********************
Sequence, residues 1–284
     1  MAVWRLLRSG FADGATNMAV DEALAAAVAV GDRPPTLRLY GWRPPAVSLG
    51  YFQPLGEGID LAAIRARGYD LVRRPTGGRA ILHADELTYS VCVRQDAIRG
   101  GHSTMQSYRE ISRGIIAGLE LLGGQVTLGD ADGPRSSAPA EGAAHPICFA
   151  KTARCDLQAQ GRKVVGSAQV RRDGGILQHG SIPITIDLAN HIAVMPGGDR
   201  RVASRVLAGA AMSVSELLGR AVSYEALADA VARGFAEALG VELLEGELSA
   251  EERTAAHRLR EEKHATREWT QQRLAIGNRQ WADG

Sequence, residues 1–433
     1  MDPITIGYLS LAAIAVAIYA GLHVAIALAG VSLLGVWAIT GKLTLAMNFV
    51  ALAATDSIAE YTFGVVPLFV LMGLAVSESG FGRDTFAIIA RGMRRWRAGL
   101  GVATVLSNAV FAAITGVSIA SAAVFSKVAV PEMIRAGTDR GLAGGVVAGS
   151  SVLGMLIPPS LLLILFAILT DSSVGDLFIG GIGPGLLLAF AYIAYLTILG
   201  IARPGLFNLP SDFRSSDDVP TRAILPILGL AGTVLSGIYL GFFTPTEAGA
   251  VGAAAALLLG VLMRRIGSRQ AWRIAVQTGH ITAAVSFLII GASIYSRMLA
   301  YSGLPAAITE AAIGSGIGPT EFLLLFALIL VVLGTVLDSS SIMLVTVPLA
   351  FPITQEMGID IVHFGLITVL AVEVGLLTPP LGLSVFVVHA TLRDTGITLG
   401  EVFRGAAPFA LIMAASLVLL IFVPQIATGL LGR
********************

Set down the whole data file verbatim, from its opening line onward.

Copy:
Sequence, residues 1–284
     1  MAVWRLLRSG FADGATNMAV DEALAAAVAV GDRPPTLRLY GWRPPAVSLG
    51  YFQPLGEGID LAAIRARGYD LVRRPTGGRA ILHADELTYS VCVRQDAIRG
   101  GHSTMQSYRE ISRGIIAGLE LLGGQVTLGD ADGPRSSAPA EGAAHPICFA
   151  KTARCDLQAQ GRKVVGSAQV RRDGGILQHG SIPITIDLAN HIAVMPGGDR
   201  RVASRVLAGA AMSVSELLGR AVSYEALADA VARGFAEALG VELLEGELSA
   251  EERTAAHRLR EEKHATREWT QQRLAIGNRQ WADG

Sequence, residues 1–433
     1  MDPITIGYLS LAAIAVAIYA GLHVAIALAG VSLLGVWAIT GKLTLAMNFV
    51  ALAATDSIAE YTFGVVPLFV LMGLAVSESG FGRDTFAIIA RGMRRWRAGL
   101  GVATVLSNAV FAAITGVSIA SAAVFSKVAV PEMIRAGTDR GLAGGVVAGS
   151  SVLGMLIPPS LLLILFAILT DSSVGDLFIG GIGPGLLLAF AYIAYLTILG
   201  IARPGLFNLP SDFRSSDDVP TRAILPILGL AGTVLSGIYL GFFTPTEAGA
   251  VGAAAALLLG VLMRRIGSRQ AWRIAVQTGH ITAAVSFLII GASIYSRMLA
   301  YSGLPAAITE AAIGSGIGPT EFLLLFALIL VVLGTVLDSS SIMLVTVPLA
   351  FPITQEMGID IVHFGLITVL AVEVGLLTPP LGLSVFVVHA TLRDTGITLG
   401  EVFRGAAPFA LIMAASLVLL IFVPQIATGL LGR